For starters, the instructions said this was a paste-the-wall non-woven material. It was not. It was paper, and needed to have paste applied to the back of the wallpaper, not to the wall.

And the material was thick and stiff and difficult to handle on my table, and difficult to manipulate into corners and tight areas. Going around the multiple curves on the backsplash was tricky and time consuming. Pasting the wall did not allow the paper to expand and relax, so bubbles appeared on the wall. Because the paper was dry and stiff, it did not meld to the contours of the vanity top, and was difficult to trim neatly. In fact, I was unhappy with my first attempt, and ripped it off and started over.

A good reminder to always buy a little extra paper.

I also was not happy with the seams. They weren’t bad, but a thinner substrate would have given tighter seams that held closer to the wall.

Overall, though, the room looked wonderful – light and airy with a sense of uplift from the parasols and tight ropes. The monkey adds something to smile at.

The interior designer for this job is Rachel Goetz.

A Twitter With Birds in a Powder Room

May 13, 2016
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The homeowner was ecstatic with this cute and lively wallpaper. In fact, she said she has other bird-themed accents for her home (like framed Audubon prints), and worries that people might call her the “Crazy Bird Lady.” Well, no fear of that! This wallpaper pattern is very popular, and I have hung it many times in several colors.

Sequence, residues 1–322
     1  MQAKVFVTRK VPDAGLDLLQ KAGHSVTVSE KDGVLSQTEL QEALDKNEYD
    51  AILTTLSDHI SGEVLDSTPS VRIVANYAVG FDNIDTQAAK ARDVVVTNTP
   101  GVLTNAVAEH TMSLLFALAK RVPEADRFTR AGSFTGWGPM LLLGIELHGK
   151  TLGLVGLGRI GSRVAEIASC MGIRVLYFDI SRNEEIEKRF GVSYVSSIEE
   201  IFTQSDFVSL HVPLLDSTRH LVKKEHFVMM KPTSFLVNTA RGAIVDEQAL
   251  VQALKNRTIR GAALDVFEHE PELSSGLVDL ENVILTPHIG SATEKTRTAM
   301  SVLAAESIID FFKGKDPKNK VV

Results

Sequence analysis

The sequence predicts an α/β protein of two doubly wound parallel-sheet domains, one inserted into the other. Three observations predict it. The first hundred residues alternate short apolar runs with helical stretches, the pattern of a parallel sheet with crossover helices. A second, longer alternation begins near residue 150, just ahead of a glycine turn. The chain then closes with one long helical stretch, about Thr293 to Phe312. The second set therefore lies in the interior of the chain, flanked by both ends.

This went in a powder room in the Heights, which has beaded-board paneling going about 4′ up the wall, a brick floor, a hanging pendant light fixture, and 12′ ceilings. The builder is Dee Todd-Simmons of HDT Builders, who works primarily in the Heights, and who does phenomenal work and exceptional quality on custom and spec homes – plus, she is great to work for.

This wallpaper pattern is called “A Twitter,” and is by Schumacher, and was bought at a discounted price from Dorota Hartwig at Southwestern Paint on Bissonnet near Kirby. (713) 520-6262 or Discuss your project and make an appointment before heading over to see her.

Because it was Schumacher, I anticipated printing defects, and I was not disappointed – I had to discard a certain amount of paper due to printing flaws, and other strips I was able to engineer so that the flawed area would be cut off by door frames, etc.

Shaded Grasscloth

March 10, 2016

Grasscloth, Shaded
This grasscloth displays what we call “shading” – slight difference in color between strips.

Additionally, often the dye will be darker on the right and left edges of the paper, than it is in the center.  Sometimes, the color difference starts horizontally in the middle of a strip.

This paper is still on the roll. Imagine how it will look on your wall.

When each strip on wall is a slightly different color, we call that “paneling.”

All these bolts are the same run number / dye lot, meaning they were printed at the same time with the same batch of ink.

This is not considered a defect. It is what the manufacturers call “the inherent natural beauty of the product.”

They will not replace material that looks like this.

Not all grasscloth looks this bad, but many do. If you choose any sort of natural material, be prepared for your walls to look like this.

This brand is Schumacher.